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5 ways that working out regularly will majorly rev up your sex life


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Whether you’re looking for ways to boost a stagnant sex drive or to simply add fuel to an already fiery routine, prioritizing workouts may be the way to go. And I don’t mean meeting potential partners at your CrossFit box or yoga studio—although that’s certainly a possibility, too.

Why? Exercise affects your body—physically, psychologically, and emotionally—in complex ways that can then translate into a revved up libido and better orgasms.

Sure, many aspects of sex are mental, but it’s still a supremely physical act. And depending on how you’re going about it, plenty of exercise’s body benefits can help turn things up a notch: Endurance will allow you to keep things going as long as you’d like; flexibility will allow you to try positions that may not be available to you otherwise. And then…muscles.

“You have more muscles, activate more muscles, and learn how to contract your muscles,” says Ariel Iasevoli, a master trainer at Crunch Gym, of those who flex on the regular. “You also learn how to stabilize and how to move better.”

What else keeps things booming in the bedroom? Keep reading for five ways that gym time improves your sex life.

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1. You can use your strength between the sheets

Those weight-lifting and HIIT classes aren’t just great for your abs; they give your body more power in general—so that if you can dream it, you can (probably) do it.

And don’t forget about the muscles in your pelvic floor, which you can exercise easily, without going to the gym, via Kegels. “The fact is that stronger pelvic floor muscles, in general, are good for better orgasm quality,” says Logan Levkoff, PhD, a highly credentialed sex expert and educator.

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2. You’ll have a better self-image

“People who exercise regularly, in research, tend to have better body image and more self-confidence than those who don’t,” says Dr. Levkoff. That’s key, because feeling good about yourself could be directly related to how fulfilling your sex life is. In fact, a 2012 review of research on the topic found that “body-image issues can affect all domains of sexual functioning,” from desire to arousal to satisfaction.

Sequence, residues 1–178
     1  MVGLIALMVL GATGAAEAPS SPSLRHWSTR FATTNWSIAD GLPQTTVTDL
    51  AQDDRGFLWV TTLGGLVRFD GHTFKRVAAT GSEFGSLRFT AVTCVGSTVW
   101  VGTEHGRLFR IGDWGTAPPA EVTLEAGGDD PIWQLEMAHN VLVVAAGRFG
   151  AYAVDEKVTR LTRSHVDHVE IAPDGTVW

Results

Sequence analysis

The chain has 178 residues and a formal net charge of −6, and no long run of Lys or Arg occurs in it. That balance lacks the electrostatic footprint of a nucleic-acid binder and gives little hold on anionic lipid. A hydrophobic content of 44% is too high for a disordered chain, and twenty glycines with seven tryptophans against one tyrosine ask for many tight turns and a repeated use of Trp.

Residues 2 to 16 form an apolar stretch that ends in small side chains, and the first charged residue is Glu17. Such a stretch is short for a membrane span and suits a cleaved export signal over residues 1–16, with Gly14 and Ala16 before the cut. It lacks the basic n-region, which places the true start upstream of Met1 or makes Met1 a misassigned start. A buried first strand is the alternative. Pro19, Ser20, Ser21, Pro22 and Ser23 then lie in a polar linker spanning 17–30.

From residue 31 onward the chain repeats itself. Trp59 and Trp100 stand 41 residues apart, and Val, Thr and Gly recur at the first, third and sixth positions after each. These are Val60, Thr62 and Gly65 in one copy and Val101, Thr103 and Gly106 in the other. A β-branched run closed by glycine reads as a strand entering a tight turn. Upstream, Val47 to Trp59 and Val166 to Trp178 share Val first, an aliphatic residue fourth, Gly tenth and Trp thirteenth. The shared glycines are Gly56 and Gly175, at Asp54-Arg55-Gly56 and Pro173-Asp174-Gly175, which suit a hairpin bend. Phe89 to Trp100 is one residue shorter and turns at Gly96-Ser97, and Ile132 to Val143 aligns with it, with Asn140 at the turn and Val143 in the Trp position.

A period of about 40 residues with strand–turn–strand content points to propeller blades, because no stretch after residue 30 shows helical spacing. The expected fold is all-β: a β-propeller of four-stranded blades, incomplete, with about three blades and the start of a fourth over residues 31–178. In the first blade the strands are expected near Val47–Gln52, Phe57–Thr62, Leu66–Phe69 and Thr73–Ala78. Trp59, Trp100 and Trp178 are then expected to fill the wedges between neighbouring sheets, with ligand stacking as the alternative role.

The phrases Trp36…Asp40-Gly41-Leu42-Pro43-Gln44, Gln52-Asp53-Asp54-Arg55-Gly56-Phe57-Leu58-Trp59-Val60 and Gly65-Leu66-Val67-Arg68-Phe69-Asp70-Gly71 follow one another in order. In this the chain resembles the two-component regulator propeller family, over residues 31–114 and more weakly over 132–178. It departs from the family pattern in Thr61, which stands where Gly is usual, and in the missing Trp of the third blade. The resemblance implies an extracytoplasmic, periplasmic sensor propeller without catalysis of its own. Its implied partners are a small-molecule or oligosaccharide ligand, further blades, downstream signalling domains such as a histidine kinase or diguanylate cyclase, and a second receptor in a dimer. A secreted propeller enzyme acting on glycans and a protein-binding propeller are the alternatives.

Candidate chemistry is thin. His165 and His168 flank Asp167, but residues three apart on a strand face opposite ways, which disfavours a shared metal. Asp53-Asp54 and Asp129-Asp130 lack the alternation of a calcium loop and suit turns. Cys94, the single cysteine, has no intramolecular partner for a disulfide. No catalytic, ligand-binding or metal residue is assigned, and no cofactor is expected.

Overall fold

Iasevoli says she witnesses the effect with clients at Crunch all of the time. “It’s not just because they look better, but it’s because they realize that their body can do a lot of amazing things and they start respecting it for that,” she explains. “They look at their legs and think, ‘They can squat a ton of weight,’ and start to see that as a sexy thing.”

Dr. Levkoff says self-confidence may also allow you to communicate your needs better, which can lead to more satisfying experiences. (Emotional fluency is a key trait of successful relationships, after all.)

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3. Your arousal increases

Small studies have shown that after working out, women were more aroused (gauged by cool scientific measurements like “vaginal pulse amplitude” and “vaginal blood volume”…yup), with follow-up research showing that could be partially due to how exercise activates the sympathetic nervous system.

There’s also the fact that exercise boosts blood flow to the genitals, which can’t be a bad thing. “Increased blood flow certainly has the potential to increase arousal,” confirms Dr. Levkoff.

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4. Your libido may get a hormonal boost

The science on how exercise affects testosterone levels in women and men is complicated, and serious endurance exercise (like triathlon training) may actually lower testosterone levels in the body.

But some studies have shown that resistance training, specifically, can cause women’s testosterone levels to rise, which is great for libido. “Increased testosterone levels definitely increase desire,” says Dr. Levkoff. “If we do produce more testosterone, we’re more likely to have more desire.” Bring on the heavy weights?

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5. Your mental health will benefit

Research has shown that exercise’s ability to curb depression and anxiety is powerful (plus, both depression itself and the use of antidepressants can lead to low sex drive). So it stands to reason that working out could help you manage depression, which in turn would have a positive impact on your sex life.  Studies have backed it up, showing exercise can improve arousal in women taking antidepressants. And, well, have you ever felt the thrill of an endorphin rush, right before sex? The anecdotal evidence is strong and sweaty.

“Your heart is pumping. It kind of feels like having a crush on someone,” Iasevoli says. “Once you have that feeling, you think, ‘What are other ways I can feel this?'” I’ll let you fill in the blank on that one.

Certain forms of yoga have always been connected to sex, of course—here’s how to have mind-blowing orgasms, the Kundalini way. Or try this five-minute, libido-boosting meditation